• repo-name with the name of the container, you can name it anything you want

  • tag this is not required but you can use the latest tag

In our case

docker build -t jsace/coreset

Push the container

Next, upload the image to the registry. This can be done by using the Docker hub username, repo name or tag.

docker push <hub-user>/<repo-name>:<tag>

In our case

docker push jsace/coreset

Running a Bacalhau Job

After the repo image has been pushed to Docker Hub, we can now use the container for running on Bacalhau. To submit a job, run the following Bacalhau command:

bacalhau docker run \
-i ipfs://QmXuatKaWL24CwrBPC9PzmLW8NGjgvBVJfk6ZGCWUGZgCu:/input \
jsace/coreset \
-- /bin/bash -c 'osmium export input/liechtenstein-latest.osm.pbf -o liechtenstein-latest.geojson;
python Coreset/python/ -f input/liechtenstein-latest.geojson -o outputs'

Backend: Docker backend here for running the job

  • input/liechtenstein-latest.osm.pbf: Upload the .osm.pbf file

  • -i ipfs://QmXuatKaWL24CwrBPC9PzmLW8NGjgvBVJfk6ZGCWUGZgCu:/input: mount dataset to the folder inside the container so it can be used by the script

  • jsace/coreset: the name and the tag of the docker image we are using

The following command converts the osm.pbf dataset to geojson (the dataset is stored in the input volume folder):

osmium export input/.osm.pbf -o liechtenstein-latest.geojson

Let's run the script, we use flag -f to determine the path of the output geojson file from the step above.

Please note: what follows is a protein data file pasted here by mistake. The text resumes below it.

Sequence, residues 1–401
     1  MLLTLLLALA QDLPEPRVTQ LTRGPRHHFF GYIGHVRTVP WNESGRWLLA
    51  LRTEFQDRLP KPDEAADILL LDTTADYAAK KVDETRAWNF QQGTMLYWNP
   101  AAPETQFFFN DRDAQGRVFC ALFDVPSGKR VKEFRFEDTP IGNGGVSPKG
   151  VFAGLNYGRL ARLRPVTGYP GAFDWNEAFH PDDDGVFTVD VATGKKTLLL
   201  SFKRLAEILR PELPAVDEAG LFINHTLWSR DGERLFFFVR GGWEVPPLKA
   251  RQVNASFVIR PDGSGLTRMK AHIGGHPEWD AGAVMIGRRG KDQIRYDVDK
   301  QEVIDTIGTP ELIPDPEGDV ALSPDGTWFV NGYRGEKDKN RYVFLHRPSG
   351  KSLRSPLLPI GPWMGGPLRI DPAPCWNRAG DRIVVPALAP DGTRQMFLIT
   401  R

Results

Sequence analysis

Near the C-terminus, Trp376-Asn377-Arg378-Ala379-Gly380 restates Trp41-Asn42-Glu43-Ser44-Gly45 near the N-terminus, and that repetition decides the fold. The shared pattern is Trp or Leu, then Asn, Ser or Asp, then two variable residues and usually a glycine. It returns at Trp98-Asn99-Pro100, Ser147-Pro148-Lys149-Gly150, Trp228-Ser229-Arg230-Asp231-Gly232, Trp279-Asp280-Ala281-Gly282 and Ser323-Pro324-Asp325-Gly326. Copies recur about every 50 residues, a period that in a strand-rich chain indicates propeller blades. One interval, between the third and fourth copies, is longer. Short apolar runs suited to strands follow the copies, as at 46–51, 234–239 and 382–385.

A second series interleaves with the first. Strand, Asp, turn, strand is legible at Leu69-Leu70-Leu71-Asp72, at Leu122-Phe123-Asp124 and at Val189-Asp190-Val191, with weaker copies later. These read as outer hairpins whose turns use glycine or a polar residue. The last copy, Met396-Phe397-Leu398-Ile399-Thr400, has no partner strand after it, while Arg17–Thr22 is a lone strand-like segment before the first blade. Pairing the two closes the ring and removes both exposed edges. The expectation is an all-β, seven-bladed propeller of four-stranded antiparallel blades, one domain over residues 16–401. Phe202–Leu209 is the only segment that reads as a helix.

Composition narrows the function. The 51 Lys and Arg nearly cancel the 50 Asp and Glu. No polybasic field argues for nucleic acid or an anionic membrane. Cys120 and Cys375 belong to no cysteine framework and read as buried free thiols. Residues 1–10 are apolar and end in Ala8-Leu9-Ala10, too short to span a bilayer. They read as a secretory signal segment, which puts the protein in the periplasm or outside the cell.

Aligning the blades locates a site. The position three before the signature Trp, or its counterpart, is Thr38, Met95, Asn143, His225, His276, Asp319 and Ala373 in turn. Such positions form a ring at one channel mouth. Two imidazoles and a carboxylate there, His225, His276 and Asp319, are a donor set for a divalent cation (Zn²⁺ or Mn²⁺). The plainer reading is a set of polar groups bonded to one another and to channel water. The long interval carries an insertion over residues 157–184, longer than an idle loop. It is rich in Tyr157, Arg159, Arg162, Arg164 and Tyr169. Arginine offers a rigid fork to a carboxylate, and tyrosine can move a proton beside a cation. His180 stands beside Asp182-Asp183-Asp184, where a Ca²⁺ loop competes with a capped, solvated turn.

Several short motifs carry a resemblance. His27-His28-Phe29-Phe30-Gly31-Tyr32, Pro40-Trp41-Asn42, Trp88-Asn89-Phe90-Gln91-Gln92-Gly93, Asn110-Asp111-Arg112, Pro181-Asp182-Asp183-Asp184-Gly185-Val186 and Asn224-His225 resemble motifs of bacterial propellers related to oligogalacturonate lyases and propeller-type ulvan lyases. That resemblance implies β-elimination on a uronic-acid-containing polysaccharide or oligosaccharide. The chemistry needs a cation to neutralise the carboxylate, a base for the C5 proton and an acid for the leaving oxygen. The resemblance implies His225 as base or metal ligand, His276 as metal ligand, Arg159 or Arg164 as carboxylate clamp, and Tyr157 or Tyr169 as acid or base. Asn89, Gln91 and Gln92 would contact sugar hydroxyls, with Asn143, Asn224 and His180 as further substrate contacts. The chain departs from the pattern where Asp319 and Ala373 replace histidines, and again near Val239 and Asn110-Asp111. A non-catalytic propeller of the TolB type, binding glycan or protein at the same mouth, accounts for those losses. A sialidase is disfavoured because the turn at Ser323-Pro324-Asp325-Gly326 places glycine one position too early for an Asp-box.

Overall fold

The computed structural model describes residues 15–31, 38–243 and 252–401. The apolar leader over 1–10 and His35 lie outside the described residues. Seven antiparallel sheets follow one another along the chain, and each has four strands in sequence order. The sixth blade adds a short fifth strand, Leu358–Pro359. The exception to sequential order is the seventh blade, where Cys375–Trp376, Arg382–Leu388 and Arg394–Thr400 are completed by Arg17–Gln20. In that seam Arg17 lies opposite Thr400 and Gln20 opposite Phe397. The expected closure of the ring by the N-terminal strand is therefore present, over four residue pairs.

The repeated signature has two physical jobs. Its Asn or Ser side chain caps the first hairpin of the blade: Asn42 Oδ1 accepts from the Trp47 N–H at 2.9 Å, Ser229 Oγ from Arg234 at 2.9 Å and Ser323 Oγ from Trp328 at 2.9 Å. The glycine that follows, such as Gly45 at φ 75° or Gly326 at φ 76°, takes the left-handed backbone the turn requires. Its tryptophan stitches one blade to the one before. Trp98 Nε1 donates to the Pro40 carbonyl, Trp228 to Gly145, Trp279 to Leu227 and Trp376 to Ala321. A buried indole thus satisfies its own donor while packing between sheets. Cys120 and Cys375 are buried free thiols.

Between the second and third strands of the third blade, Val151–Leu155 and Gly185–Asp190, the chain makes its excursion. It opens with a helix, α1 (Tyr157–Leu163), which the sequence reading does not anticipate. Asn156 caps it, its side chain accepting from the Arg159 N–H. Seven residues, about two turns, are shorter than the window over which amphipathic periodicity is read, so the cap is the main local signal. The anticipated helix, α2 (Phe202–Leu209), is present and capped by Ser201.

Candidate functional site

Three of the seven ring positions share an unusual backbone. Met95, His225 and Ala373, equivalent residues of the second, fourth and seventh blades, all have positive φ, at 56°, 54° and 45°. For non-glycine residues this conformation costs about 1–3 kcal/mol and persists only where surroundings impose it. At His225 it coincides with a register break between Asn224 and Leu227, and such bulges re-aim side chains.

python Coreset/python/ -f liechtenstein-latest.geojson -o outputs

We get the output in stdout

Additional parameters:

  • -k: amount of initialized centers (default=5)

  • -n: size of coreset (default=50)

  • -o: the output folder

When a job is submitted, Bacalhau prints out the related job_id. We store that in an environment variable so that we can reuse it later on.

%env JOB_ID={job_id}

Checking the State of your Jobs

  • Job status: You can check the status of the job using bacalhau list.

bacalhau list --id-filter ${JOB_ID} --wide

When it says Published or Completed, that means the job is done, and we can get the results.

  • Job information: You can find out more information about your job by using bacalhau describe.

bacalhau describe ${JOB_ID}
  • Job download: You can download your job results directly by using bacalhau get. Alternatively, you can choose to create a directory to store your results. In the command below, we created a directory and downloaded our job output to be stored in that directory.

rm -rf results && mkdir -p results
bacalhau get $JOB_ID --output-dir results

Viewing your Job Output

To view the file, run the following command:

ls results/

To view the output as a CSV file, run:

cat results/outputs/centers.csv | head -n 10
cat results/outputs/coreset-values-liechtenstein-latest.csv | head -n 10
cat results/outputs/coreset-weights-liechtenstein-latest.csv | head -n 10